JPMorgan Chase’s global PMI
On June 3, JPMorgan Chase and IHS Markit published May’s global PMI data in association with the Institute of Supply Management and the International Federation of Purchasing and Supply Management.
The reading for May came in at 49.8 compared to 50.4 in April. A reading of above 50 indicates an expansion, while a reading of below 50 points to a contraction. Thus, the reading for May showed that global manufacturing activity contracted in May.
The reading was also at its lowest since October 2012.
The fine line
While global output grew only slightly and input and output prices continued to rise, other factors indicated contraction. Most notably, employment contracted in May compared to a slight expansion in April.
The decline in the US PMI was the biggest contributor to the drop in global PMI, as the United States accounts for 21.6% of global GDP. Other major economies, including the United States, the Eurozone, Japan, and South Korea, also contributed to the fall in the overall global PMI.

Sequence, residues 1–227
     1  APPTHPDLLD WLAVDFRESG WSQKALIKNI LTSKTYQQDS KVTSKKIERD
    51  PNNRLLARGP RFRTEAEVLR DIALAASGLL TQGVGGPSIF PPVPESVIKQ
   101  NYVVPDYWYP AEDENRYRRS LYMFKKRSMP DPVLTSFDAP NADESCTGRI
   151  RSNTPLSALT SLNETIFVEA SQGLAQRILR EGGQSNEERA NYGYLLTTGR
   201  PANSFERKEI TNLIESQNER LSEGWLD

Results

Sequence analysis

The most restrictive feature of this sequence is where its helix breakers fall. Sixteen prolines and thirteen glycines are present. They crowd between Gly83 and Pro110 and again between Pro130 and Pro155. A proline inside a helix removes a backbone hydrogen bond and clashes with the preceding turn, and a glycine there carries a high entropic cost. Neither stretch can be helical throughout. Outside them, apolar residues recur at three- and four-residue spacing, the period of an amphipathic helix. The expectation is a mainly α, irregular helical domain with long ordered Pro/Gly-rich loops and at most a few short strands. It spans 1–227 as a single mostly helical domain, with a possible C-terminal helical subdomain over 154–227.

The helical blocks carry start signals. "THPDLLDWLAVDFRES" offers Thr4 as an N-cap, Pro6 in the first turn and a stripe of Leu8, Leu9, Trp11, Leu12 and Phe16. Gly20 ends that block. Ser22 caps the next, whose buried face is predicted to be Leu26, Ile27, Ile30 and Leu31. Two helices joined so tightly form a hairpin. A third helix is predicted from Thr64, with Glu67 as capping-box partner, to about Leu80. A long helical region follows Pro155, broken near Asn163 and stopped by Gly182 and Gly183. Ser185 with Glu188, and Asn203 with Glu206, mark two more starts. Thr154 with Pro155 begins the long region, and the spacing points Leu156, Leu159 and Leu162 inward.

As the global economy falters, you may need to re-examine your portfolio. While global growth remains subdued, most central banks in developed economies don’t have much flexibility to lower interest rates to boost growth, as those rates are already low. The yield curves in the United States and Canada now stand inverted. In such a scenario, moving part of your portfolio to shorter-duration instruments such as T-bills or one to three years’ worth of T-notes could be a good defensive strategy. The iShares 1–3 Year Treasury Bond ETF (SHY) and the iShares Short Treasury Bond ETF (SHV) are two ETFs that could help you rebalance your portfolio in the current situation.